C H A P T E R 2 3
Using the Endpoint Interface
within the binary object at which to stream data. For more information on receiving
binary data and using the
frame, see the section "Specifying the Data
Form and Target" beginning on page 23-13.
For sending data, the data is expected to be a binary object and is interpreted as a
raw byte stream. That is, the data is not converted and is passed directly to the
communication tool. This is the default data form for sending binary objects.
If you wish to send only a portion of your binary data at once, you can specify a
frame in the output spec. Within the
defines the offset from the beginning of the binary object at which to begin sending
data, and the
slot defines the length of the data to send.
These binary capabilities are very useful if you wish to send and receive flattened
frames "packetized" for a communication protocol. By using the global function
, you can flatten a frame. Then you can packetize the transmission by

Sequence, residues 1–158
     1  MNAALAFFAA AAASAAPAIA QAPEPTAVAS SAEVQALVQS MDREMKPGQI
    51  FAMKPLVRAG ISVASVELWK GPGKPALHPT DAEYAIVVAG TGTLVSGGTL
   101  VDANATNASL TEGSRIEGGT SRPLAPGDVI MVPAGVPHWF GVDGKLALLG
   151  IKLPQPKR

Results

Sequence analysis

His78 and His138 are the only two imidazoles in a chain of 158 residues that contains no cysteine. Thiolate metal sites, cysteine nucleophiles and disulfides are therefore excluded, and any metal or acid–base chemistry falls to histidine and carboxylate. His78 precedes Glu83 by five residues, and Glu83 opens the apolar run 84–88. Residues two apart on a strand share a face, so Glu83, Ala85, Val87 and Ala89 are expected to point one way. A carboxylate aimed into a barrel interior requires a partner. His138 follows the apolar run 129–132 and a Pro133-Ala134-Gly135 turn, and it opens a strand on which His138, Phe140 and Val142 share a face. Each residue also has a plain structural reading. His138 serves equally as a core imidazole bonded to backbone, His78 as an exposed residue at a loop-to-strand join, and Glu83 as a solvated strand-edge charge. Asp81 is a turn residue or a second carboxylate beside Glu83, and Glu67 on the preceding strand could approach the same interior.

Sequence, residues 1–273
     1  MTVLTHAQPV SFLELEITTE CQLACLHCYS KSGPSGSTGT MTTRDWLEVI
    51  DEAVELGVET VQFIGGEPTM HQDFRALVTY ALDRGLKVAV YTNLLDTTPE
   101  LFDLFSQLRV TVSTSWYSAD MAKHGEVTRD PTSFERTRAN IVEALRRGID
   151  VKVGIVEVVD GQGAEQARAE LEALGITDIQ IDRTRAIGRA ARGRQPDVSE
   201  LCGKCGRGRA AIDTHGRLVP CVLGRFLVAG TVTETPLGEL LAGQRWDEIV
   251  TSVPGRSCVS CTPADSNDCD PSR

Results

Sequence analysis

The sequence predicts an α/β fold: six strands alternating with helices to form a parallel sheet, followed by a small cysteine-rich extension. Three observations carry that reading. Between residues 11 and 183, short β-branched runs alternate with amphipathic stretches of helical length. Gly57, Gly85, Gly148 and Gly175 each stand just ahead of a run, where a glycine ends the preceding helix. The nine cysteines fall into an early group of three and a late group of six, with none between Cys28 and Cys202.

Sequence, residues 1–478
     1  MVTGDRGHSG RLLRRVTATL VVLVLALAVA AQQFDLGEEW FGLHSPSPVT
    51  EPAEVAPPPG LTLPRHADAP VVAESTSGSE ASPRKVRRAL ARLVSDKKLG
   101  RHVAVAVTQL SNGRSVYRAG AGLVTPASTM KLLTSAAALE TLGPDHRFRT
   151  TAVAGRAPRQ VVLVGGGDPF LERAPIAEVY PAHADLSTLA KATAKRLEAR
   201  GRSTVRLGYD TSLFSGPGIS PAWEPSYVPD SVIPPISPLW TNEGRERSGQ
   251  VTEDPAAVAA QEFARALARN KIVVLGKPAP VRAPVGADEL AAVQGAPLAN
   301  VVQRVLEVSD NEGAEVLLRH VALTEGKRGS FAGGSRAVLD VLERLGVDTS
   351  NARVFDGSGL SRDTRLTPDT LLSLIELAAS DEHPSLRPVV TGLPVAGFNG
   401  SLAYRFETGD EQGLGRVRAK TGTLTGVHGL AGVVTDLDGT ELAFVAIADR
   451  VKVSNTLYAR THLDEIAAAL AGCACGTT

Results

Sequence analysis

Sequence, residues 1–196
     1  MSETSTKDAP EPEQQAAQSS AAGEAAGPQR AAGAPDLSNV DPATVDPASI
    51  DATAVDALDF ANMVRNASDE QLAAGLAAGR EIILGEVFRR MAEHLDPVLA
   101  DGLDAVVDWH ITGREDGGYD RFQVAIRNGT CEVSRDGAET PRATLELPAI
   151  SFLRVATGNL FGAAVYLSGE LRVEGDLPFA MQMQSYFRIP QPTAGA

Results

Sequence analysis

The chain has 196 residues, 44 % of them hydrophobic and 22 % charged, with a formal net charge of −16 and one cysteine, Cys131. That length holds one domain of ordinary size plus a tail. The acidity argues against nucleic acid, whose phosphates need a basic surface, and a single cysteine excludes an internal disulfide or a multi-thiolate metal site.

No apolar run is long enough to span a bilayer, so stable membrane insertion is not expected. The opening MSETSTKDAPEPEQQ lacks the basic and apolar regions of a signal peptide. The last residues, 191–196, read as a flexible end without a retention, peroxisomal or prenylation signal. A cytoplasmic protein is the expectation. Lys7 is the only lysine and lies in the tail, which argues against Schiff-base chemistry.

frame in the output spec.
On the receiving end, you can preallocate a virtual binary object, and then assemble
the packets using the
frame in the input spec. Once all binary data has
been received, you can unflatten the frame using the
To stop endpoint operations, you can use the endpoint method
. Endpoint operations can also be canceled indirectly as a result of a
time-out expiring. Remember that you can set a time-out for a request in the
callback spec that you pass to most endpoint methods, and you can set a time-out
in an input spec.
Note that you cannot specify what is canceled. When you or the system cancel
operations, all outstanding synchronous and asynchronous requests are canceled.
The cancellation process proceeds differently depending on whether you are
canceling asynchronous or synchronous requests that you have previously queued.
Following a cancellation, it is safe to proceed with other endpoint operations at
different times, according to the following rules:
If you use only asynchronous calls in your application, you can safely proceed
after you receive the
message resulting from the
call (or from the method whose time-out expired).
If you use only synchronous calls in your application, you can safely proceed
after the cancelled synchronous call throws an exception as a result of the
Mixing asynchronous and synchronous methods in your application is not
recommended. However, if you do so, you should treat the cancellation process as
if you had used all synchronous calls, and proceed only after an exception is thrown.